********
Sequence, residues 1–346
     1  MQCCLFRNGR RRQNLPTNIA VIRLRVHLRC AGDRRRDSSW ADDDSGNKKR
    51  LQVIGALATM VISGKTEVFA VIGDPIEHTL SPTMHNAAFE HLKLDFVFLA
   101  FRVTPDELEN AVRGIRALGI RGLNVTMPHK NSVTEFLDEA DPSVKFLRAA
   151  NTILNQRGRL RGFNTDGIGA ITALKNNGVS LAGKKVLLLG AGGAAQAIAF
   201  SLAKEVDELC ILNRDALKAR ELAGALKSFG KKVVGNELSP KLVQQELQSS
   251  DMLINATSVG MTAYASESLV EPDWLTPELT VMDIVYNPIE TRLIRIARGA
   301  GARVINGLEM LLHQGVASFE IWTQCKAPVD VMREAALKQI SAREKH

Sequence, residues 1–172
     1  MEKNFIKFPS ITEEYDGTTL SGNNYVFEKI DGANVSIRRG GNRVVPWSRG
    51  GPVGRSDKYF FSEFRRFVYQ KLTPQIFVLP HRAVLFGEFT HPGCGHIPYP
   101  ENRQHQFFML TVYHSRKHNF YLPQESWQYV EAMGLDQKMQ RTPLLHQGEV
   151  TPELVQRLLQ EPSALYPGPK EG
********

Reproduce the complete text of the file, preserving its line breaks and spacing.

Sequence, residues 1–346
     1  MQCCLFRNGR RRQNLPTNIA VIRLRVHLRC AGDRRRDSSW ADDDSGNKKR
    51  LQVIGALATM VISGKTEVFA VIGDPIEHTL SPTMHNAAFE HLKLDFVFLA
   101  FRVTPDELEN AVRGIRALGI RGLNVTMPHK NSVTEFLDEA DPSVKFLRAA
   151  NTILNQRGRL RGFNTDGIGA ITALKNNGVS LAGKKVLLLG AGGAAQAIAF
   201  SLAKEVDELC ILNRDALKAR ELAGALKSFG KKVVGNELSP KLVQQELQSS
   251  DMLINATSVG MTAYASESLV EPDWLTPELT VMDIVYNPIE TRLIRIARGA
   301  GARVINGLEM LLHQGVASFE IWTQCKAPVD VMREAALKQI SAREKH

Sequence, residues 1–172
     1  MEKNFIKFPS ITEEYDGTTL SGNNYVFEKI DGANVSIRRG GNRVVPWSRG
    51  GPVGRSDKYF FSEFRRFVYQ KLTPQIFVLP HRAVLFGEFT HPGCGHIPYP
   101  ENRQHQFFML TVYHSRKHNF YLPQESWQYV EAMGLDQKMQ RTPLLHQGEV
   151  TPELVQRLLQ EPSALYPGPK EG